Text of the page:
The monsoon winds in the Indian ocean start every year near the end of May in the Arabian off the coast of Somalia driven by the warming andcooling or the Asian landmass. From May to September they blowoutward from Africa passes in a half circle that brings it very near tothe Arabian Peninsula before it goes in a south-easterly direction toIndia. From October to April the direction is reversed blowing back west.This cycle is also called The Trade Winds.
Fig. 1 The Indian Ocean Trade Routes
Indian Ocean Trade2
nd
Century BCE-3
rd
Century CEEgypt
 – 
Ptolemaic toRoman Eras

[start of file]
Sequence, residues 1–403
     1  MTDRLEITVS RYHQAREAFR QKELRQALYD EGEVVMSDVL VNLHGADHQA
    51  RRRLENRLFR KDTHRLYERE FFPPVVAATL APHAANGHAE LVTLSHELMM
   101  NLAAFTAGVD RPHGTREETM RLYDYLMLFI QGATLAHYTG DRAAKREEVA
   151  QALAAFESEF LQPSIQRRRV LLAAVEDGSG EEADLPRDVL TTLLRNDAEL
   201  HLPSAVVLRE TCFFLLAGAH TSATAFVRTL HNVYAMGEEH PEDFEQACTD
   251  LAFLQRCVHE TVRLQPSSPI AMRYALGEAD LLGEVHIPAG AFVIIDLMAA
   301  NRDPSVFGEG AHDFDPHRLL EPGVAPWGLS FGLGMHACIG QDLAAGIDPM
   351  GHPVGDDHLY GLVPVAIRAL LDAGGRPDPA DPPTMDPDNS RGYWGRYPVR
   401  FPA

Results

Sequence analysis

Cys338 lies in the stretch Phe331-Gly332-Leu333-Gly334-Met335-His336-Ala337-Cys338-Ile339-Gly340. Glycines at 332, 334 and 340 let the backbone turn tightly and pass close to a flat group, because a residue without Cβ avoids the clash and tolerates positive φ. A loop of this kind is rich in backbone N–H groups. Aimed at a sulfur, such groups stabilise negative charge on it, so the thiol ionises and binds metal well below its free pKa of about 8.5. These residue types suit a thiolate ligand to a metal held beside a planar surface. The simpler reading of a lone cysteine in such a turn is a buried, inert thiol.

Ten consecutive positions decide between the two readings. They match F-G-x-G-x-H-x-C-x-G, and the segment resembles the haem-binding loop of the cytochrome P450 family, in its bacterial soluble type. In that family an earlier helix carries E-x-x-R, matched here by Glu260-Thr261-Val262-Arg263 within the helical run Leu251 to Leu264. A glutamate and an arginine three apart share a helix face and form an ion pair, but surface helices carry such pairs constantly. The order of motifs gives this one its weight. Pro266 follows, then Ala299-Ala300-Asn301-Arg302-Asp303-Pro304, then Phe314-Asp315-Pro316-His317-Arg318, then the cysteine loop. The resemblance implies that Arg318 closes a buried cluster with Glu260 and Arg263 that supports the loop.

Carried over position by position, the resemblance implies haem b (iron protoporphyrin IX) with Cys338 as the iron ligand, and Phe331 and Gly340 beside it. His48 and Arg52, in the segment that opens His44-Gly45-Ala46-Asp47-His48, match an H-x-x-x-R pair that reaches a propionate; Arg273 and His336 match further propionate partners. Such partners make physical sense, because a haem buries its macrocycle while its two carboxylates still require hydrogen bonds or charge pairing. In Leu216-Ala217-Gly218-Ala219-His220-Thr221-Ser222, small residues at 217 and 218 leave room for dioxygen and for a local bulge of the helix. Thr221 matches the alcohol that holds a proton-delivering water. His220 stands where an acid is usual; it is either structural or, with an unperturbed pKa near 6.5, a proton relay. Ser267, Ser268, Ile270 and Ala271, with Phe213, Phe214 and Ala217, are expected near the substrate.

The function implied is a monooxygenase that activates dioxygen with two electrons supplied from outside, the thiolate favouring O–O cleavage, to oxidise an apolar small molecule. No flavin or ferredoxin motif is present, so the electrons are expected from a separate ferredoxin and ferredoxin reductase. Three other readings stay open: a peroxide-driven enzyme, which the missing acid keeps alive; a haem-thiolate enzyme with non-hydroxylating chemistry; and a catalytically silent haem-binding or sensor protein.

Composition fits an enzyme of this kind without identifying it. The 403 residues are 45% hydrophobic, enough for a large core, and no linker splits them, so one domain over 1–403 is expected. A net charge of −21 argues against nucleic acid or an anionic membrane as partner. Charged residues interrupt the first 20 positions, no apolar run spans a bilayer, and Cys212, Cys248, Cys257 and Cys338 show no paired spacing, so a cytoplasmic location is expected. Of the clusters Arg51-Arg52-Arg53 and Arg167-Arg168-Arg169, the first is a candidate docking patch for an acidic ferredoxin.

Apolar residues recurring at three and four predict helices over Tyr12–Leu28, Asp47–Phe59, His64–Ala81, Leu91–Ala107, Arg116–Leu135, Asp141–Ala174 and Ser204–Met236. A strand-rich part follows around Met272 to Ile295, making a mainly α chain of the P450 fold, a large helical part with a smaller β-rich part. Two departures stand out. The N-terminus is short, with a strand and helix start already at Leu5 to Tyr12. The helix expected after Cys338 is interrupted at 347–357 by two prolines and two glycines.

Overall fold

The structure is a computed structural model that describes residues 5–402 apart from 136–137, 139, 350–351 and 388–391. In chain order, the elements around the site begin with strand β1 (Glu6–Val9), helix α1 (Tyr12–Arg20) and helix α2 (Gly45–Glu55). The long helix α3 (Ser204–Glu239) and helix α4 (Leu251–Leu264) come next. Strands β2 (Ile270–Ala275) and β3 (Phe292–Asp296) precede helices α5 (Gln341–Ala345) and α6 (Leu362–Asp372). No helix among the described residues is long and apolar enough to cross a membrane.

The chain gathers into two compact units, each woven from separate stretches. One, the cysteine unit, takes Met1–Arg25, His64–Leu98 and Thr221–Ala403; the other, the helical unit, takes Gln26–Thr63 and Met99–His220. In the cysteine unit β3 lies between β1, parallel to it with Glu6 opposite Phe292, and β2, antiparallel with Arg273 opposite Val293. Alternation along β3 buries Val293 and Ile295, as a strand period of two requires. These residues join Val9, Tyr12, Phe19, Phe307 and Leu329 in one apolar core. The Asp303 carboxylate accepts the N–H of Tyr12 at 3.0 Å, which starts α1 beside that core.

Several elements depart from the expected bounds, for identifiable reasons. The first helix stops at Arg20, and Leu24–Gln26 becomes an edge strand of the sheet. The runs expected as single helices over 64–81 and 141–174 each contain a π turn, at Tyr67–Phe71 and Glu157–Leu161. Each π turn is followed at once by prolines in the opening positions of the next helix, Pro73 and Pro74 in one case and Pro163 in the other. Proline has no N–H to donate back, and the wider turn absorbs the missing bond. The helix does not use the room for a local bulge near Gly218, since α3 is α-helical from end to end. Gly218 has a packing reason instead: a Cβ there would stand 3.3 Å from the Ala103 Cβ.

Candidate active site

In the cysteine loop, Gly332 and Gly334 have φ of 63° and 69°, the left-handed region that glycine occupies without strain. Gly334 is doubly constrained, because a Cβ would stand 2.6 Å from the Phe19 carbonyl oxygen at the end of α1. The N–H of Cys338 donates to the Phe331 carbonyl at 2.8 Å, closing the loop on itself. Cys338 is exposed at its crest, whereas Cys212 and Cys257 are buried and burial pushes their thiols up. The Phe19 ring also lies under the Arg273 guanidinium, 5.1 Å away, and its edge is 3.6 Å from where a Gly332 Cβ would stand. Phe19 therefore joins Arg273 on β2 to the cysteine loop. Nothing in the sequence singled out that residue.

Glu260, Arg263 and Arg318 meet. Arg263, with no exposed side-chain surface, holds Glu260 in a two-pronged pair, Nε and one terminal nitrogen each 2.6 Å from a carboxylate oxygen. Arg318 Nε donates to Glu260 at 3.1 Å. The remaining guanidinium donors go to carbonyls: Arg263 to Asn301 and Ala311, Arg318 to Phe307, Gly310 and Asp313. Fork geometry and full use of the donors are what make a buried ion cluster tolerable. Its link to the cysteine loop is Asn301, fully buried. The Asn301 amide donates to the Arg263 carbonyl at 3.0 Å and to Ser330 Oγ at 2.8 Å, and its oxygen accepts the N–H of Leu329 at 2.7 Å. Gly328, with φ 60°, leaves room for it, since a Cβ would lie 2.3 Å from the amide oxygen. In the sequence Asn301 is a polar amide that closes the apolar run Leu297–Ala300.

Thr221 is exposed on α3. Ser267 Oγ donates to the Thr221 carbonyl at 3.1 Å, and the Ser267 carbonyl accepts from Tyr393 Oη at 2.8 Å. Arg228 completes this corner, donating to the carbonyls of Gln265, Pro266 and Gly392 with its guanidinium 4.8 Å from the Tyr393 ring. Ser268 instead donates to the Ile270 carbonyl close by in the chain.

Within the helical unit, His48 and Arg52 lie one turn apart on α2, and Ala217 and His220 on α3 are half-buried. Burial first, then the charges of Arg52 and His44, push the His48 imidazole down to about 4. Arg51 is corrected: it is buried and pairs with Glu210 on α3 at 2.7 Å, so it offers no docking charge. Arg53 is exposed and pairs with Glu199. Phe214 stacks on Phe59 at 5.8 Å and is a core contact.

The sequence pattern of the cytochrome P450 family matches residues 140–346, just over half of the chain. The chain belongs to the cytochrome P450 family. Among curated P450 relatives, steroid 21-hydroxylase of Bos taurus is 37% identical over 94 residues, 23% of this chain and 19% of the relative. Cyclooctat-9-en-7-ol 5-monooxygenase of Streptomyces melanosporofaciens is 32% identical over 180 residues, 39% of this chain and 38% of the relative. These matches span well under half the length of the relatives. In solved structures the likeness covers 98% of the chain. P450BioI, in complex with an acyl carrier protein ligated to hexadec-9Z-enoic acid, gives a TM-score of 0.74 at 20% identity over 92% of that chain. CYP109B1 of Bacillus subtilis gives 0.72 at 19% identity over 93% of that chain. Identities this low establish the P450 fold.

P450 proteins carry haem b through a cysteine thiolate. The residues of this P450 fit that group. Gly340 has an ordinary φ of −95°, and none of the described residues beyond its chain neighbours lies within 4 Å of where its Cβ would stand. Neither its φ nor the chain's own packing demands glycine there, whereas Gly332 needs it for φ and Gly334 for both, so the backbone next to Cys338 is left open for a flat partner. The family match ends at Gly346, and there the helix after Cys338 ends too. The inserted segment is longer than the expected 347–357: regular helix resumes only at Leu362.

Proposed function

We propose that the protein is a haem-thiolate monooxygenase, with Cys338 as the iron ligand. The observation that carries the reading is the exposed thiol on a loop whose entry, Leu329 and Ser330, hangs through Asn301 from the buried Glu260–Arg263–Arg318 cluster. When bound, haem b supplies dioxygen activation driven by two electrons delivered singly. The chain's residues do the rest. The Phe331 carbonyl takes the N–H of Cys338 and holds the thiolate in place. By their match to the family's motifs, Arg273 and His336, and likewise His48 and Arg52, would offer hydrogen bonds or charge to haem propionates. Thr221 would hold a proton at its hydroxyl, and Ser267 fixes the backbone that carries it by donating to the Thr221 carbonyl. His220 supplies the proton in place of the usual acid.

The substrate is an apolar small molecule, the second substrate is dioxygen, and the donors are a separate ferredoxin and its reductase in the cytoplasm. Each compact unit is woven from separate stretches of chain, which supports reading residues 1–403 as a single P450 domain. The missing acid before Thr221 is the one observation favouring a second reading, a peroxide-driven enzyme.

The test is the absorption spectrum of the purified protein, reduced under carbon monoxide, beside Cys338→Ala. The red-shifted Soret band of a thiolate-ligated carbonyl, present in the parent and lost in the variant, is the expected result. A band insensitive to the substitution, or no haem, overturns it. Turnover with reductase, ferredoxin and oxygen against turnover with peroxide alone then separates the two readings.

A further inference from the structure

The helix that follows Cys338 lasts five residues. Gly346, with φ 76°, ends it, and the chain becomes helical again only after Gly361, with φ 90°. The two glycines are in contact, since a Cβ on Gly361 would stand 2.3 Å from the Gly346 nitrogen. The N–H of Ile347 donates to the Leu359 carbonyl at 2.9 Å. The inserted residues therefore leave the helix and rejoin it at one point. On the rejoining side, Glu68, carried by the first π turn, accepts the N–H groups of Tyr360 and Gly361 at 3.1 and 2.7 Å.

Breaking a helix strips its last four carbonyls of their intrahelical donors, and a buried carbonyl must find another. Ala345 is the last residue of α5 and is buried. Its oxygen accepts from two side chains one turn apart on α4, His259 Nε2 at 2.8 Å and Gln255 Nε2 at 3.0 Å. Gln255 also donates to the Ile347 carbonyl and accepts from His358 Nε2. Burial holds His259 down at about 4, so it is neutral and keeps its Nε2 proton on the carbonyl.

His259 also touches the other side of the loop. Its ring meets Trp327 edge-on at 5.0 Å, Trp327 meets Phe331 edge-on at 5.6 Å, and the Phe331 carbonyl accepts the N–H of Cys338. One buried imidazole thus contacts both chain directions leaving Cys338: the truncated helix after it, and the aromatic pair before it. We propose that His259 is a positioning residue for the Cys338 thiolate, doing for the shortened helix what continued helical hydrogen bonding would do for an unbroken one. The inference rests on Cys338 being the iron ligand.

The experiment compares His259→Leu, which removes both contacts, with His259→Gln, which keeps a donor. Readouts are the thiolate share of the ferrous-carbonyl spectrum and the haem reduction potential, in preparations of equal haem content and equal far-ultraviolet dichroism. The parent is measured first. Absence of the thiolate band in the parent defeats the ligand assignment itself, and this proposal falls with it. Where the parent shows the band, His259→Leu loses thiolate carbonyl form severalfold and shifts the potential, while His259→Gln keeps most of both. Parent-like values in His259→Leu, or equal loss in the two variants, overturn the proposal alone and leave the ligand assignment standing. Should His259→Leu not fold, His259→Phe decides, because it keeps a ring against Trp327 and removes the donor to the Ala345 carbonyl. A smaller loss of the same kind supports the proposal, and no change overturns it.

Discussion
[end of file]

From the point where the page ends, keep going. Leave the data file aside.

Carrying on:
As early as150 BCE, Greek sailor Hippalus identified the monsoonwindcycle. By Roman times, Roman ports on the Red Sea such asBerenike and Quseir el-Qadim served as bases to funnel the goodsfrom the India then trough ports through the ports of EudaemonArabia and Ocelis in Aden, up the Red Des to Berenike or MyasHarmos, then across the eastern desert to Koptos. Goods were thentransported by boat up the Nile northward to Cairo, Alexandria andthe Mediterranean. The wealthy Roman empire had a seeminglyinsatiable appetite for Asian spices, incense, jewels, silks and fineluxury goods. This access to Asian luxuries came at a substantialcost. The Red Sea ports had very limited sources of water and noviable agricultural land. They were also under constant threat fromsea pirates and land-based brigands so that a constant military presence had to be maintained both at the ports themselves and for thecaravans crossing the desert. The expense of maintaining the portswas only sustainable as long as there was a market for the luxuriesthe traders provided. As the Roman Empire went into decline in the